West Pike Run Twp. hit hard by flooding

Daisytown, West Pike Run Twp. hit hard by heavy rains, flash flooding

Photo of Mike Jones
by Mike Jones
Staff writer
Photo of
and Scott Beveridge
Staff Writer
Jim McNutt / Observer-Reporter
A small stream that had only a little water running through it Thursday looked like a river Friday along Sunset Drive in West Pike Run Township. Three inches of rain fell on West Pike Run Township and Coal Center Friday morning, causing flooding and closing roads. Order a Print

DAISYTOWN – Steve Luko peeked outside during heavy rain Friday morning and was stunned to find muddy water surrounding his Daisytown house from a nearby creek that spilled its banks.

In a matter of moments, the normally tranquil Pike Run rose six feet above its banks and Luko sprung into action to divert water from entering the first floor of his house on Evergreen Road.

“I was shocked,” Luko said.

His neighbors in this West Pike Run Township village stood helplessly watching the small stream turn into raging rapids along Pike Run Road.

Ray Hunyady of Daisytown described a storm that carried a lot of lightning.

“It was a real steady downpour for a long time,” Hunyady said. “That’s a lot of water.”

John Darnley, a meteorologist with the National Weather Service in Pittsburgh, said a cold front brought heavy showers that hammered the southeastern part of Washington County. Records show pockets between Bentleyville, California and Richeyville received about 3 inches of rain in about three hours.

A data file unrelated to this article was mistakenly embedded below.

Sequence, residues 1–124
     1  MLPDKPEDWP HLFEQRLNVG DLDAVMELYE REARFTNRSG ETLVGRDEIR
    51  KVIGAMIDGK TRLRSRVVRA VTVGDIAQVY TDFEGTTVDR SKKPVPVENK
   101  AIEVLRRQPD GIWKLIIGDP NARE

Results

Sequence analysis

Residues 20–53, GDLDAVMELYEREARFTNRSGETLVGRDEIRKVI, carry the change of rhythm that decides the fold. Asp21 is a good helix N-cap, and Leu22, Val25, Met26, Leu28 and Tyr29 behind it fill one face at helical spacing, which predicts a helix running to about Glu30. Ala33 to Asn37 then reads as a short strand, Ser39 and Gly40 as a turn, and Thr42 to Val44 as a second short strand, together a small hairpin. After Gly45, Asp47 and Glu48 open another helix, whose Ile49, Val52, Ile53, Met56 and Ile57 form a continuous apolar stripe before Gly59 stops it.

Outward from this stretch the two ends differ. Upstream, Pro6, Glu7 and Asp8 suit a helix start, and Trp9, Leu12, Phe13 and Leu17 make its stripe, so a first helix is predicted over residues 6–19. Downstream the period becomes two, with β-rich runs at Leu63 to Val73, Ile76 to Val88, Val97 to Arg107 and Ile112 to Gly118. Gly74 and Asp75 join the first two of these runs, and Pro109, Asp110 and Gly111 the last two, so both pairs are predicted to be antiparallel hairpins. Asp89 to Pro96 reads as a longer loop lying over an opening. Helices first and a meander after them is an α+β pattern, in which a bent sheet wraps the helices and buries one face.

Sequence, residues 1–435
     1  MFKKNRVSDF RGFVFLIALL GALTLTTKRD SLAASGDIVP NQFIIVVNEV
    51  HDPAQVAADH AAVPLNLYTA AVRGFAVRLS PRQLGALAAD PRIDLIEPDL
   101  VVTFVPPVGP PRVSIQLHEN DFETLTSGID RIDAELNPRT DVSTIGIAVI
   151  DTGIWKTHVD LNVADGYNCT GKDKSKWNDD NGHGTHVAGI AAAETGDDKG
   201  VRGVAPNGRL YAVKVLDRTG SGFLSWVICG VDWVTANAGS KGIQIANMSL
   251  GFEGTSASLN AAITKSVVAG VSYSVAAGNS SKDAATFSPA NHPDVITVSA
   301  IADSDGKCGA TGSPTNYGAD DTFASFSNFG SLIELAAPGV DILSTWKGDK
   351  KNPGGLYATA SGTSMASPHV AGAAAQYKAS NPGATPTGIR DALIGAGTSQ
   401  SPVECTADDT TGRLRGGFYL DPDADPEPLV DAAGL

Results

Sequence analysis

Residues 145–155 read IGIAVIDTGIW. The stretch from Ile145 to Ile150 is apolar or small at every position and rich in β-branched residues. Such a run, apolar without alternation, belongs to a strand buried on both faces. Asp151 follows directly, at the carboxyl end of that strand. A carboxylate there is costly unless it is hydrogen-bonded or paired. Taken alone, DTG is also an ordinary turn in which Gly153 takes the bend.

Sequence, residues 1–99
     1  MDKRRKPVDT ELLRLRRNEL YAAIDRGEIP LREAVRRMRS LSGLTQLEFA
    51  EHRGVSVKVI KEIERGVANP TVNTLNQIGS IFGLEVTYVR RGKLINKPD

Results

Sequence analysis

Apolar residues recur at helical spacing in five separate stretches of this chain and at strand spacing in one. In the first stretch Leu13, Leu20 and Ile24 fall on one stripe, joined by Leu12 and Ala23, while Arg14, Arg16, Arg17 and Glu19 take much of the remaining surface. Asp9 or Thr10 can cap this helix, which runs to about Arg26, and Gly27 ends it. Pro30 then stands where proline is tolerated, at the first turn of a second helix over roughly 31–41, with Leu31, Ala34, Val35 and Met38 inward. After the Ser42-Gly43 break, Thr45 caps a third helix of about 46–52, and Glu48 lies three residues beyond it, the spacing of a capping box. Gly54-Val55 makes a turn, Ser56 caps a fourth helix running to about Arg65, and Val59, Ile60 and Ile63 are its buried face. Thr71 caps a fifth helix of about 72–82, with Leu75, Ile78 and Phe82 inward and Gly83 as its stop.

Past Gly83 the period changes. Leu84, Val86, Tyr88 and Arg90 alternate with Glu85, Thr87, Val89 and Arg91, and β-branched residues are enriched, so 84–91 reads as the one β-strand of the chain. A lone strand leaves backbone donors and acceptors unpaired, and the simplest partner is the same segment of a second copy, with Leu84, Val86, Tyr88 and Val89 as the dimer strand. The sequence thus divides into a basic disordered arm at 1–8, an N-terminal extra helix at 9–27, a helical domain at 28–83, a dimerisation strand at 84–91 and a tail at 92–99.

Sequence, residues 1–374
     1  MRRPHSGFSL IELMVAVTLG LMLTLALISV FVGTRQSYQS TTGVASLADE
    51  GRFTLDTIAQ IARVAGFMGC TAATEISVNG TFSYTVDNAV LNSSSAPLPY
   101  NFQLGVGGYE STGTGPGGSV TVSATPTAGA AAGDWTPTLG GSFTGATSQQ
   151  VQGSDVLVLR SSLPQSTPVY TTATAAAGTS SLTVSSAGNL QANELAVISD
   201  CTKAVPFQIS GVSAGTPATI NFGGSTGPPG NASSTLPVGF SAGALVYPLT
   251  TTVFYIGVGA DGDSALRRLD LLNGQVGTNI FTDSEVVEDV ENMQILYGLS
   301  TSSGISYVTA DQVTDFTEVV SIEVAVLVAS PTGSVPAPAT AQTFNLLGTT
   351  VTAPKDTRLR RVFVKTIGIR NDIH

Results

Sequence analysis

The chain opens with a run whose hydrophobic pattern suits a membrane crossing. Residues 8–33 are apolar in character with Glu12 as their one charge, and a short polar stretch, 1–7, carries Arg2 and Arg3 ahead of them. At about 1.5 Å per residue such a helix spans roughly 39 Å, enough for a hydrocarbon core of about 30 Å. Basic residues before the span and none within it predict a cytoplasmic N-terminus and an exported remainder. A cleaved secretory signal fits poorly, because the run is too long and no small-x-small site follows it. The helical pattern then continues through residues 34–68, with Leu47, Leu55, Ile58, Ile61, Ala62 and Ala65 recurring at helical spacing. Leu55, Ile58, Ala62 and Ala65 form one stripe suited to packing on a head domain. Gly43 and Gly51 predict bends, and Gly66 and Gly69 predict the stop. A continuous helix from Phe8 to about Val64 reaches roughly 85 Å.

Darnley said many tributaries flowing into the Monongahela River overflowed their banks and flooded nearby roadways.

“There were a lot of flooded roadways,” he said. “It really depended on the drainage on the roadway and topography of the area.”

As many as a dozen roads were washed out from the storm, Washington County Assistant Public Safety Director Ron Sicchitano said. Hickory Road in West Pike Run was damaged to the point it wasn’t expected to immediately reopen.

Much of the runoff in the township found its way into low-lying Daisytown, which would have become a disaster area if the creek would have risen one more inch, said township Supervisor Rick Molish.

Molish added the storm “parked right over us.”

“I’m sure there is going to be a major cleanup.” he said.

The American Red Cross of Southwestern Pennsylvania sent four workers to West Pike Run to assess the damage and offer help. Red Cross spokeswoman Lauren Ashley said volunteers were working closely with county emergency responders to determine what was needed and more volunteers could be sent.

She added they were also delivering flood cleanup kits to affected homeowners, which include sponges, a broom, mop, bleach, Lysol and gloves.

“It’s a nice kit to have and it helps to get people started on the cleanup,” Ashley said.

A Washington County 911 supervisor said no one was injured in the flooding, and the center was still working Friday to determine the extent of the damage. The center, he said, mostly fielded calls about problem roads and basement flooding.

A house owned by Ray Mattie of West Pike Run probably took the toughest beating when the creek spilled over a small bridge, township Supervisor Phil Podrosky said.

The creek rose nearly 3 1/2 feet near Mattie’s home at Whitehall and Birch roads, and spilled into his dining room. It carried a small shed away, causing it to crash apart when it slammed into another small bridge. The flooding also swept away Mattie’s pull-behind trailer.

“This time it was too much, too fast,” said Mattie.

“This is the worst weather we’ve had since I’ve been here,” Luko added.